Building Permit Department
At the request of the federal War Industries Board, the defense council took action in another significant area of the state economy. To save labor, material, and transportation resources for the war effort, the council limited new construction projects in Oregon to those deemed "essential" to the war effort.
- Repairs or extensions of no more than $2,500 to existing buildings if no other government permit were required.
- Repairs or extensions of no more than $1,000 to farm buildings if no other government permit were required.
All other non-governmental construction projects were required to apply to the Building Permit Department for a permit to proceed. Oregonians wishing to build needed to file an application and swear to its accuracy. It then fell to each county chairman of the State Council of Defense for Oregon to decide on individual permits. Among other things, he was to reject the application "if the labor and materials are such as could be utilized in some other way to help toward winning the war, and there is no real necessity for the work going ahead at this time...." Approved applications required the county chairman to write a report giving reasons for the approval. All the paperwork was forwarded to the state defense council and, if approved there, was sent to Washington D.C. where a permit would be issued. Wartime did, indeed, breed bureaucracy in the building industry.
Along with the economic controls managed by the defense council, the federal government instituted numerous other actions in the name of war production. Concerned with the growth of labor unions and the Socialist Party, the government took over all spruce production in western Oregon and Washington. The newly formed U.S. Army Spruce Production Division began logging, milling, and shipping spruce, which was seen as essential for manufacturing airplanes for the war effort. Beginning in 1917, the army constructed mills at Coquille and Toledo as well as two mills in Washington. Eventually the division produced a total of 54 million board feet of airplane wing beams in Oregon. By the time the mills later converted to private ownership, the Spruce Division left an extensive railroad network in Lincoln County that fed its modern Toledo sawmill.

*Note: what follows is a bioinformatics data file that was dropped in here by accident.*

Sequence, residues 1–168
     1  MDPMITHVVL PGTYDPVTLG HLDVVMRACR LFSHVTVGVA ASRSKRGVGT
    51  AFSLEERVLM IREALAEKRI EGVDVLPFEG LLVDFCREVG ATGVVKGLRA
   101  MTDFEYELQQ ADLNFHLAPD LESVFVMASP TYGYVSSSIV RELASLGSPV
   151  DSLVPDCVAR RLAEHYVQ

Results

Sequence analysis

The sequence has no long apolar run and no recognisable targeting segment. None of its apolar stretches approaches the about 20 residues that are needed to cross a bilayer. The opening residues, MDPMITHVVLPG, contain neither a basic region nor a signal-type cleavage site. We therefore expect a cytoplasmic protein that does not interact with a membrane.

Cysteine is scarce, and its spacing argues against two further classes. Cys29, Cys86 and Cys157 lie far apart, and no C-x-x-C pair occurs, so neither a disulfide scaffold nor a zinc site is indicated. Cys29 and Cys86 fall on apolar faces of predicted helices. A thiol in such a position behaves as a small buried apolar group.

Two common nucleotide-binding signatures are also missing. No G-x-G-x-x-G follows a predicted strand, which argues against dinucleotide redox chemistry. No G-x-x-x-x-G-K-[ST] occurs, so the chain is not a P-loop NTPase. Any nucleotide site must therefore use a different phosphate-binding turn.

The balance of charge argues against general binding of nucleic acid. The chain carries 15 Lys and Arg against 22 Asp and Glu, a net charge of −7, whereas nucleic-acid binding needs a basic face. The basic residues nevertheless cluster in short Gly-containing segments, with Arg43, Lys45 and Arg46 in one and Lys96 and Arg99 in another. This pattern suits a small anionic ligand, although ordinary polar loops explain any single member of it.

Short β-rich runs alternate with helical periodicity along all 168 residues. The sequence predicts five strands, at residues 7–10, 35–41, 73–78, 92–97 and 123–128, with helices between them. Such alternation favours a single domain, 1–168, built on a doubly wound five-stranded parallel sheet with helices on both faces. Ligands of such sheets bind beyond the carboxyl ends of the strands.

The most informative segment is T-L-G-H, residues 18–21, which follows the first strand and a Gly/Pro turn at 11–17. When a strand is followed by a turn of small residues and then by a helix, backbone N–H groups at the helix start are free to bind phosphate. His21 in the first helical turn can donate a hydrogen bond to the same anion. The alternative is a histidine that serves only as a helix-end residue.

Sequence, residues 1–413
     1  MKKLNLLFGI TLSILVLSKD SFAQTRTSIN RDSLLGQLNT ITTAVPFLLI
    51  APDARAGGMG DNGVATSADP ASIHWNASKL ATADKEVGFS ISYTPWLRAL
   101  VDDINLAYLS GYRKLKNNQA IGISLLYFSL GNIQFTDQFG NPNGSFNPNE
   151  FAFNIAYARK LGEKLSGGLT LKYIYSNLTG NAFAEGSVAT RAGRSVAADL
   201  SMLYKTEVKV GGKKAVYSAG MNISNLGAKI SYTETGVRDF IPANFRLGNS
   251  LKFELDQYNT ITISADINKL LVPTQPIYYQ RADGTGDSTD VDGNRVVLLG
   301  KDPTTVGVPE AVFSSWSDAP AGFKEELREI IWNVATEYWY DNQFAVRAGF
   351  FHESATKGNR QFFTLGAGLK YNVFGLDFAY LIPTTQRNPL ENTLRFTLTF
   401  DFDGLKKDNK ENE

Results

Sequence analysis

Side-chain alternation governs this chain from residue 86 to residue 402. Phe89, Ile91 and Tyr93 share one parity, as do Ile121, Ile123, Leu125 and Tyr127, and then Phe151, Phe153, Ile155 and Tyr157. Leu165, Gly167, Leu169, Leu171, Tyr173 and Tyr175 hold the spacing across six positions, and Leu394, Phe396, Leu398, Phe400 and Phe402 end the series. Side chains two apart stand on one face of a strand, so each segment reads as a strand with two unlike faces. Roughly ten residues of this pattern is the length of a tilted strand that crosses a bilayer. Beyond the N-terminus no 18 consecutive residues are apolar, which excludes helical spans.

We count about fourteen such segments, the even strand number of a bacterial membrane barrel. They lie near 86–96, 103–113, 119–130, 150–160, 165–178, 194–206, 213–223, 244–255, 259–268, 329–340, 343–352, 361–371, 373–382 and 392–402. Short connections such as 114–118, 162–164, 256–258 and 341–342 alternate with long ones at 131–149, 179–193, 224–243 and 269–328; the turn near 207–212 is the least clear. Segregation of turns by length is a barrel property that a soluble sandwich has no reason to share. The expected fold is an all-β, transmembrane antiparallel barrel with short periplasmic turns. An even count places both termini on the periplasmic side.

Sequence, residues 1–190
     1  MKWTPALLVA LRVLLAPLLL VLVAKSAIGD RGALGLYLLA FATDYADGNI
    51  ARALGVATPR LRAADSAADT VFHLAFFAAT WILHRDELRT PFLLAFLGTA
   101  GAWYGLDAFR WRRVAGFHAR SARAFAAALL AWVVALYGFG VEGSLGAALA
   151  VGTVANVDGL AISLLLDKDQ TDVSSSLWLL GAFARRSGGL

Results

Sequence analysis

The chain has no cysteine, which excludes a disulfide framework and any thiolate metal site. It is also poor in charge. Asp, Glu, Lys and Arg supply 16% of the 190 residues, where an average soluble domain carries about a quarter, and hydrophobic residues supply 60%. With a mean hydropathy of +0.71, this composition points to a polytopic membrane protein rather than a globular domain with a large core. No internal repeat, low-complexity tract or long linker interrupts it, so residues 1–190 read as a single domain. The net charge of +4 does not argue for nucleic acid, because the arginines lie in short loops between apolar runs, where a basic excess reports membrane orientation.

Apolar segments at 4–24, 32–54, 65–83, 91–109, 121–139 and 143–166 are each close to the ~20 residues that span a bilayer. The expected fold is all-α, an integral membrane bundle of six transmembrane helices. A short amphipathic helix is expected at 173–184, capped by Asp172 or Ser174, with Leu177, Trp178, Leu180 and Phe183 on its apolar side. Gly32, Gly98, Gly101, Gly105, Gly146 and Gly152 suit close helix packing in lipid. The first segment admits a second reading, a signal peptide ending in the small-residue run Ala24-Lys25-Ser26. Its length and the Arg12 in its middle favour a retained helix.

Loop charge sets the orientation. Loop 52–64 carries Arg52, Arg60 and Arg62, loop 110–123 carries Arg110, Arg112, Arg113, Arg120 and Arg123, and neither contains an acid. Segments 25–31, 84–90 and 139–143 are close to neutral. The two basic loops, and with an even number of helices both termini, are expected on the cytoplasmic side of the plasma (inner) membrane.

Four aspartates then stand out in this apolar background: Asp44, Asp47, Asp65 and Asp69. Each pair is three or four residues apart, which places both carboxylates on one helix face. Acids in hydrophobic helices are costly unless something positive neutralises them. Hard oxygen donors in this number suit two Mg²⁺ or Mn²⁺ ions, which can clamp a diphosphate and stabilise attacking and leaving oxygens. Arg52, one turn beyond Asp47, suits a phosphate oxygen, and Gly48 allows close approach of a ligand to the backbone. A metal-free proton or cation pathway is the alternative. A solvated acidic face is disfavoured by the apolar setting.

Also partially based on the potential for disruptive action by labor unions such as the IWW, the federal government created the Loyal Legion of Loggers and Lumbermen. Billed as an employer-employee union, it put thousands of men to work. Members were required to pledge to help the nation to produce war materials and, most importantly, to pledge not to strike. Meanwhile, the government set up the Emergency Fleet Corporation to contract with shipyards in Portland, Astoria, Tillamook, and Marshfield to produce both steel and wooden hull ships for the war.
(Oregon State Defense Council Records, Publications and Ephemera, Box 8, Folder 4, Oregon State Council of Defense News Letter, November 1918; Oregon Blue Book history section)